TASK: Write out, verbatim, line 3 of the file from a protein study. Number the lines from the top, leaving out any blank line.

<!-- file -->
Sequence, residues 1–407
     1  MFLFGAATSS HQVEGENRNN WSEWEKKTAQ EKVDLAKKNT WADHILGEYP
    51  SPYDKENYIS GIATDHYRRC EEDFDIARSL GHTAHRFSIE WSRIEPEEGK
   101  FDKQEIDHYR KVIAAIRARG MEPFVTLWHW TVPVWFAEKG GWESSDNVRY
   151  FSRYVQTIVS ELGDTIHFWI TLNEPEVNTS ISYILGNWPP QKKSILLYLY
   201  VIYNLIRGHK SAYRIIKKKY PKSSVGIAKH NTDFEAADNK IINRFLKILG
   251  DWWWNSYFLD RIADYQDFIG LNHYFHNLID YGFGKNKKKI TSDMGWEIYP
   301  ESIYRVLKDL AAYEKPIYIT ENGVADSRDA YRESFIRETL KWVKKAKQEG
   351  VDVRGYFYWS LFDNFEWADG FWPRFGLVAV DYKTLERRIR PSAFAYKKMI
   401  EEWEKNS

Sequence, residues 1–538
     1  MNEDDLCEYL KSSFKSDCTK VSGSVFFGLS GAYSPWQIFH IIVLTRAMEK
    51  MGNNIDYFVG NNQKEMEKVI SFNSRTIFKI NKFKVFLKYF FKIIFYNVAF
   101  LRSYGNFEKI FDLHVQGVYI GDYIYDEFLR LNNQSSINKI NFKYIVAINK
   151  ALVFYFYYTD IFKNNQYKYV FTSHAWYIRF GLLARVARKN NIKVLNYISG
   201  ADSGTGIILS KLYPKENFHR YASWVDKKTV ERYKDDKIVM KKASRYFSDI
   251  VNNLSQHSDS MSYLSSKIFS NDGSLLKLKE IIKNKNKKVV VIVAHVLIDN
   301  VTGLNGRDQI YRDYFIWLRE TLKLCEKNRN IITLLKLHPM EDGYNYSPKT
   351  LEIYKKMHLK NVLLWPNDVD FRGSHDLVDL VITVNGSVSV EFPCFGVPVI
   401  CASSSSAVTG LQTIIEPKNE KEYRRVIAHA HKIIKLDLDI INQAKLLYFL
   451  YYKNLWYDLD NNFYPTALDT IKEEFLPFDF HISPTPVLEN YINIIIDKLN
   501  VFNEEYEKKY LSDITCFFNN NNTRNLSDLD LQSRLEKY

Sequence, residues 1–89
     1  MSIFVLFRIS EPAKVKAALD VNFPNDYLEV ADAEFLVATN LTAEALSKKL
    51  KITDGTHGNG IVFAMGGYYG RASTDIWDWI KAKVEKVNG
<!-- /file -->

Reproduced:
    51  SPYDKENYIS GIATDHYRRC EEDFDIARSL GHTAHRFSIE WSRIEPEEGK